Terry Storrar, Managing Director at Leaseweb UK, agrees. “At Leaseweb we are always looking for new methods to improve our employee’s lives and cultivate a positive workplace culture. Some of the ways that we ensure this is by implementing regular check-ins with our staff, introducing workshops specifically designed to challenge negative behaviours and mindsets, and ensuring regular conversations are taking place with anyone who indicates they are struggling. During challenging times, one of the most important things you can do is simply to let someone know that you are there for them no matter what. Sometimes, this can make all the difference. After all, as Robin Williams once said, “everyone you meet is fighting a battle you know nothing about. Be kind. Always.””
“Employers should create a culture where employees are able to openly discuss their feelings without fear of repercussion,” adds Rob Shaw, Managing Director EMEA at Fluent Commerce. “Cultivating a culture of care requires open discussions with the policies to back this up – it’s imperative we keep the momentum going and make a positive change.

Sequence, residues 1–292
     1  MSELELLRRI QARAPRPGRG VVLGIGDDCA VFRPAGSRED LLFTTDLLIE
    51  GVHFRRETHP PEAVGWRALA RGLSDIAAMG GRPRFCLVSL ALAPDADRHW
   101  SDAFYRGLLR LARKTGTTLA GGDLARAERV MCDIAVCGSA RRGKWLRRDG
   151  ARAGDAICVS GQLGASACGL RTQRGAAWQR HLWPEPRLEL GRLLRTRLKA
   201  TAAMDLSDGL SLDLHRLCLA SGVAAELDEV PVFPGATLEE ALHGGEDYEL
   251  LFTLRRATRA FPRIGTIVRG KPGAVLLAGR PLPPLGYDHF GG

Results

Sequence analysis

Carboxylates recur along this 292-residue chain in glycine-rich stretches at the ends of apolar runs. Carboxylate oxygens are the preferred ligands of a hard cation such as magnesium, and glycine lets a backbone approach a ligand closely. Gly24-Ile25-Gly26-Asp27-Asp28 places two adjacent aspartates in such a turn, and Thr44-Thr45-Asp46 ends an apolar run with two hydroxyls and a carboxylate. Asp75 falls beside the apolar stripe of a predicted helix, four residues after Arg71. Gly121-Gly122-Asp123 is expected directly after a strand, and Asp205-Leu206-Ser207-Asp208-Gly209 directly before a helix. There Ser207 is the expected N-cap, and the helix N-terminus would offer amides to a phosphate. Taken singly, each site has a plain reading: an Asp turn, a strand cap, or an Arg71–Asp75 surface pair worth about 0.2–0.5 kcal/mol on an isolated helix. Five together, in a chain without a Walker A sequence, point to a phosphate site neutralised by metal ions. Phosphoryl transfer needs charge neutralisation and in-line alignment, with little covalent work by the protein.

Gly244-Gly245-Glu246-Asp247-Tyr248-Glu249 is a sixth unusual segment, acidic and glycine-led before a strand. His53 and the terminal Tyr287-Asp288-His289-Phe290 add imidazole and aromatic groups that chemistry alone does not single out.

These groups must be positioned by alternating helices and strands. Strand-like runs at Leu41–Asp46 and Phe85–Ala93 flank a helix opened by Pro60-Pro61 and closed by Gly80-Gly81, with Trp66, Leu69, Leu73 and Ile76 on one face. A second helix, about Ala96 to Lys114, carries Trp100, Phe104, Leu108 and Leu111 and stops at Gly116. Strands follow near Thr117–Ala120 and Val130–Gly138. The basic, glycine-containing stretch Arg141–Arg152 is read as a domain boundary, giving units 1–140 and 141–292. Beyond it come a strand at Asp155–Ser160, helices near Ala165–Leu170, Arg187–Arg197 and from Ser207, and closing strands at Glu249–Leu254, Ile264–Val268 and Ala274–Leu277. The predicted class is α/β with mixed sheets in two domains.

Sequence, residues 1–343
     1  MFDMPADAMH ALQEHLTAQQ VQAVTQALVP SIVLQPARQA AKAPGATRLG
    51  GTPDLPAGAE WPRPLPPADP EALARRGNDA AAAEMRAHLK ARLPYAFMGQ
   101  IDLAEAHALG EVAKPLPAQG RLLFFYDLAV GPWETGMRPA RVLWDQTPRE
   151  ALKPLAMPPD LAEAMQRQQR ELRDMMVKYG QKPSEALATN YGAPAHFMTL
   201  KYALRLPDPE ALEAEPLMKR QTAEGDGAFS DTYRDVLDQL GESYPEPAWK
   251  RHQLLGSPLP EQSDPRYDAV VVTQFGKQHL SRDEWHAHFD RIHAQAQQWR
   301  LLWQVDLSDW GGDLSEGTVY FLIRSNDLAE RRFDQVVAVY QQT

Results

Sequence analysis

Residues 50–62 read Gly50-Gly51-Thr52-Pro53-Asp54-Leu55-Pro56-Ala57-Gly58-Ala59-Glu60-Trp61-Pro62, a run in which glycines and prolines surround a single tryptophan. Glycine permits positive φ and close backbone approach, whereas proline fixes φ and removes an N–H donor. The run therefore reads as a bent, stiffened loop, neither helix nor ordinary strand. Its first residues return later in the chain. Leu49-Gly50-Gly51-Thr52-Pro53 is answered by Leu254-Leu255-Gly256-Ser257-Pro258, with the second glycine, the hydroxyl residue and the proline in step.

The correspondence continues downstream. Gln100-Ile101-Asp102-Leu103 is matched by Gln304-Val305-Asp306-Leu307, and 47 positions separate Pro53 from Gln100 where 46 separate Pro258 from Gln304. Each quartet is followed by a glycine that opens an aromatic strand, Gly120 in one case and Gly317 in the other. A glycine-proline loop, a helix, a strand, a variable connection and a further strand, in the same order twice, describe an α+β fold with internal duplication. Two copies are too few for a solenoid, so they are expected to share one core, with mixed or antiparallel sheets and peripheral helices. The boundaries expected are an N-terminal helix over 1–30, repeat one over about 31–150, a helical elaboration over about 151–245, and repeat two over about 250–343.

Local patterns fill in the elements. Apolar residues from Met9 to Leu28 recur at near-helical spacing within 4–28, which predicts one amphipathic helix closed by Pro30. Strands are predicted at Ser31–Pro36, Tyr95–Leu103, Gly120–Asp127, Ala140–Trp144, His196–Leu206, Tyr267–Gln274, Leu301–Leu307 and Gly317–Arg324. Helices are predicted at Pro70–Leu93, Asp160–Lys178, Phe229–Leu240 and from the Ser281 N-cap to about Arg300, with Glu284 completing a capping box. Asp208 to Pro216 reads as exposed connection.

“At Fluent Commerce, open and transparent communication is actively encouraged. We operate weekly Q&A sessions which enable our team to raise any work-related concerns, as well as providing a free counselling service our employees can access anonymously.”
Dave Birchall, Chief People Officer at Node4, echoes this sentiment: “Here at Node4 we’re committed to looking after our employee’s mental wellbeing and destigmatising mental ill health. Among an extensive array of wellbeing-focused initiatives, we provide our employees with a 24/7/365 counselling service as well as access to qualified mental health first aiders.”